During the course of that "reassessment," information has come to light showing beyond any doubt that dioxin mimics hormones and disrupts the endocrine (reproductive) system of fish, birds, mammals, and most likely humans as well.

Research on natural phytoestrogens

The other line of research proceeded in a less politically-charged atmosphere. Scientists had first reported naturally-occurring hormone-mimicking chemicals in plants (phytoestrogens) in 1948 when female sheep became sterile after grazing on clover pastures for prolonged periods in Australia.

In 1976, researchers in California had shown that certain desert plants in dry years produce chemicals that inhibit reproduction in the California quail. These researchers developed the hypothesis that plants produce such chemicals as a defense against predators; if predators eat too much of such substances, they become sterile, thus reducing the predator population.

In 1979, it was shown that a common estrogen-mimicking chemical in woody plants--beta-sitosterol--could affect the reproductive system of rabbits. By the mid-1980s, researchers demonstrated similar effects of beta-sitosterol on mice and rats.

In 1991, the Wingspread Conference occurred, and studies of paper mill effluent began to multiply, many of them by Canadian researcher Glen Van Der Kraak, who attended Wingspread.

Van Der Kraak and his colleagues have shown that some wild fish living downstream from pulp and paper mills reach sexual maturity much later than normal. Other species such as the lake whitefish can be sterilized by living below a pulp mill. Others have exceptionally small reproductive organs and abnormally low levels of sex hormones in the blood.

In 1995, Van Der Kraak pointed out that pulp mill waste contains 280 to 1200 parts per billion (ppb) of beta-sitosterol, from the bark of the trees being turned into pulp. It is the same beta-sitosterol that has been shown to affect the reproductive systems of rabbits, mice, rats, and sheep. Furthermore, in 1995 Van Der Kraak injected goldfish with beta-sitosterol and showed that the levels of sex hormones in their blood were significantly altered.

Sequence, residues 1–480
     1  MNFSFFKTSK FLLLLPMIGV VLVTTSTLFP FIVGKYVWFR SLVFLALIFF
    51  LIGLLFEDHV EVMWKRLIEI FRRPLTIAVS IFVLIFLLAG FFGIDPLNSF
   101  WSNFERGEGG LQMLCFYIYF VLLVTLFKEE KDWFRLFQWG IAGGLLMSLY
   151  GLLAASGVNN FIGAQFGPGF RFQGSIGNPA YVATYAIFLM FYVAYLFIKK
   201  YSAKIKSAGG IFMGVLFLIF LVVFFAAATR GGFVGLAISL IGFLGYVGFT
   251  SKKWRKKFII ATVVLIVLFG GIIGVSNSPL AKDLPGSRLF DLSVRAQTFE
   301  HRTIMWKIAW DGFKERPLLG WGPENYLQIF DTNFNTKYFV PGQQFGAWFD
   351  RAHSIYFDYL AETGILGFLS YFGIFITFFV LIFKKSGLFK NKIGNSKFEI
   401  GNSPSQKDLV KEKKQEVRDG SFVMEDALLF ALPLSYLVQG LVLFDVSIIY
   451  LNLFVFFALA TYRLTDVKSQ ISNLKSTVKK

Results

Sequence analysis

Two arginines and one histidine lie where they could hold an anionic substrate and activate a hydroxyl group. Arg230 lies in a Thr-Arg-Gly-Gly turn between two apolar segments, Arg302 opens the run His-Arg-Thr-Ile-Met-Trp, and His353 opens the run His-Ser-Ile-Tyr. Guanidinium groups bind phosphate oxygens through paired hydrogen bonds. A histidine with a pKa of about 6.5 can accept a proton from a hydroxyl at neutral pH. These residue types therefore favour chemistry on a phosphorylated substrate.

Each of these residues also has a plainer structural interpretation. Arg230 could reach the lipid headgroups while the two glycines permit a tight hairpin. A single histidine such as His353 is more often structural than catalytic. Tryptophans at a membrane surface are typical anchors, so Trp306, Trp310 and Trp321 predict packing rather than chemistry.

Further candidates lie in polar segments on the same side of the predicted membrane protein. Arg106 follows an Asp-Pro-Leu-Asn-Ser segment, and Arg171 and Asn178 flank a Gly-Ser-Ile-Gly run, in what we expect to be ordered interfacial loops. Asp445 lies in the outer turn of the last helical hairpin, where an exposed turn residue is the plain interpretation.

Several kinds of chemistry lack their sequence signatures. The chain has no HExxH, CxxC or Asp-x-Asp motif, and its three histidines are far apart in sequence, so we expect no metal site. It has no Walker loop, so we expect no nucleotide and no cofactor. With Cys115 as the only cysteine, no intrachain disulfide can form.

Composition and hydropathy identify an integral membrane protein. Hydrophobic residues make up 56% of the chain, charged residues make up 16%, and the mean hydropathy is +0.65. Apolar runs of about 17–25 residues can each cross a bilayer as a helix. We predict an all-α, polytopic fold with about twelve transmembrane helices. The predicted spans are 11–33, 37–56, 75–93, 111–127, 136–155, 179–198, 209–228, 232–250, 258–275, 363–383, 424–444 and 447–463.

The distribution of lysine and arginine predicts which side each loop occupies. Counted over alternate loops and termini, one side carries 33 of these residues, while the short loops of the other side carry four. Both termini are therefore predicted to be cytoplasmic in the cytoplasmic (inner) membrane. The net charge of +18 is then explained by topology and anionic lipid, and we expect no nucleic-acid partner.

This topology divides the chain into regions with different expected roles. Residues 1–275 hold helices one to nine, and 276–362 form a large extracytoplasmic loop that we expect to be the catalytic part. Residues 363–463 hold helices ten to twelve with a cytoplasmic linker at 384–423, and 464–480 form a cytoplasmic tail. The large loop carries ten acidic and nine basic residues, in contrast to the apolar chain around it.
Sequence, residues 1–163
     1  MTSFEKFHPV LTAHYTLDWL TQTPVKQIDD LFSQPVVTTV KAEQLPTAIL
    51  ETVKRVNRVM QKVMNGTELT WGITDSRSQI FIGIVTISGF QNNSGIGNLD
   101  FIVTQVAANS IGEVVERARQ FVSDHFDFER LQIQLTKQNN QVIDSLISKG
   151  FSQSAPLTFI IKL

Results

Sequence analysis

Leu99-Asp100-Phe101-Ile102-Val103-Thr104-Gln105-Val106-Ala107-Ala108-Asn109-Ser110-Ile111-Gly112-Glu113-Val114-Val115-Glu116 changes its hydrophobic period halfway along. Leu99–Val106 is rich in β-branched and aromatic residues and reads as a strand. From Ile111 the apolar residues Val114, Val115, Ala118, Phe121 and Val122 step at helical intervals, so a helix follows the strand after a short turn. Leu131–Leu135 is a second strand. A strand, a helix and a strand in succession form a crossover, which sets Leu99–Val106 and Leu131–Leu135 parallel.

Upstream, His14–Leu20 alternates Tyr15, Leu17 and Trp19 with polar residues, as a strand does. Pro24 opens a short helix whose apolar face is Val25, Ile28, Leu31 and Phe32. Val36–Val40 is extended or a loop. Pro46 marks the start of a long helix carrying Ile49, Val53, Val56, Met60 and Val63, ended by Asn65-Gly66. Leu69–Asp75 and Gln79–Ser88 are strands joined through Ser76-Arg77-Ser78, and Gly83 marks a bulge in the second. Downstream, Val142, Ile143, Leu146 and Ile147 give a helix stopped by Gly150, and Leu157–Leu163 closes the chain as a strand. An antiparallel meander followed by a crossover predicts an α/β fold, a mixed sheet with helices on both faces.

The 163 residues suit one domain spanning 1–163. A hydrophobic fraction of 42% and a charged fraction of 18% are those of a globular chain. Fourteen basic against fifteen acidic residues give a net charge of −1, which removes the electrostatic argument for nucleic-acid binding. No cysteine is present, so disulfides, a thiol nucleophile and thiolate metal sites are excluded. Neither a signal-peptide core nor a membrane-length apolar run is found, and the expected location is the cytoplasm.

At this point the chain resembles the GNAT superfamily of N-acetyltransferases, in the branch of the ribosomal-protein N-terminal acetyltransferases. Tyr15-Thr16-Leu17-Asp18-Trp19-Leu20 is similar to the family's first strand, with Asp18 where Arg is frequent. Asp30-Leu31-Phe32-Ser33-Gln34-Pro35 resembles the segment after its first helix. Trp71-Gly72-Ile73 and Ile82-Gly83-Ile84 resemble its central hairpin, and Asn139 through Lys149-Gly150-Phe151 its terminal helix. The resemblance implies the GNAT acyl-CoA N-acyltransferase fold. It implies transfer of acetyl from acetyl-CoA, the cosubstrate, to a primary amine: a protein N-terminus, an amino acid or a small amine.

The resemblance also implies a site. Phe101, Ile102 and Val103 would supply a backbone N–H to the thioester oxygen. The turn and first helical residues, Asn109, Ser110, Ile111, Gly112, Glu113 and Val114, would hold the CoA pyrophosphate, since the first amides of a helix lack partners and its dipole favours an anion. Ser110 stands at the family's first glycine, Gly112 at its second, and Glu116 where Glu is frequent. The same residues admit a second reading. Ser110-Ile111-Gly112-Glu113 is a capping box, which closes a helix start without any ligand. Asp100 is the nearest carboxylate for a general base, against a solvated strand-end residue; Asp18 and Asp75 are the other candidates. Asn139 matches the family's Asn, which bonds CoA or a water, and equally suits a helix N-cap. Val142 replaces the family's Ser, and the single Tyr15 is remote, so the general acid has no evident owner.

Industry is already arguing that synthetic (human-created) chemicals couldn't possibly be affecting sexual reproduction and development in wildlife and humans, as many scientists now believe they are. No doubt, Van Der Kraak's 1995 goldfish study, emphasizing the role of naturally occurring compounds, will become ammunition for those who need a rationale for continuing to poison wildlife and people with synthetic chlorine compounds.

However, even Van Der Kraak doesn't believe naturally-occurring phytoestrogens explain all the problems seen in wildlife exposed to paper mill wastes. "I don't think beta-sitosterol is going to explain the entire picture," Van Der Kraak told Janet Raloff of Science News. Fish downstream from pulp mills frequently exhibit detoxifying liver enzymes, "and we're not seeing that with beta-sitosterol," he says. "So there must be other chemicals the fish are exposed to--such as some chlorinated organics--[activating] those enzymes," he says. In other words, the trail once again leads back to dioxin and other chlorine-containing wastes.

Remember the sperm

This must be the year of the sperm. The New Yorker magazine ran a long story in its January 15 issue called "Silent Sperm"--a wry reference to Rachel Carson's Silent Spring, which made its debut in the New Yorker 35 years ago.

"Silent Sperm" describes the 50% loss in sperm count that has occurred in men worldwide during the past 40 years. Furthermore, the January issue of Esquire features an article on sperm loss, titled "Downward Motility."

Mother Jones magazine also began the new year with a sperm story, titled "Down for the Count." And the nation's newspaper of record, the New York Times, ran a 4-part, front-page series on increasing infertility in the United States January 7-10.

By far the most interesting and informative of these articles are by Lawrence Wright in the New Yorker and Daniel Pinchbeck in Esquire. Wright and Pinchbeck interviewed dozens of prominent researchers in the field of endocrinology (hormones) and reproductive health in the U.S., Britain and Europe, and their articles offer new human perspectives on the scientific information we have been presenting since 1991

Unfortunately, the truth about the sperm count is that it is under attack from many different sources. Dioxin, for example, is a chlorinated chemical that does not mimic hormones. Yet it diminishes sperm count in male animals.

Earl Gray, a senior research biologist with U.S. Environmental Protection Agency (EPA), testified before Congress in 1993 that, "Our studies [in rats] show that a single dose of dioxin administered during pregnancy permanently reduces sperm counts in the males by about 60 per cent," the New Yorker reported.

"With sperm counts, I've been more impressed by the dioxins and the PCBs than by the estrogens and anti-androgens," Gray said. "We get surprising effects at relatively low doses."

Worse news: "Probably half the jobs in the world are associated in some way with chlorine," Gordon Durnil was quoted in the Esquire story. "As a society, we are going to have to confront our dependence on this chemical."

Peter Montague is editor of Rachel's Environment and Health Weekly, and director of the Environmental Research Foundation, Annapolis, Md., which provides technical assistance to grassroots activists in local fights. For citations of reports referenced in this article, call the editor.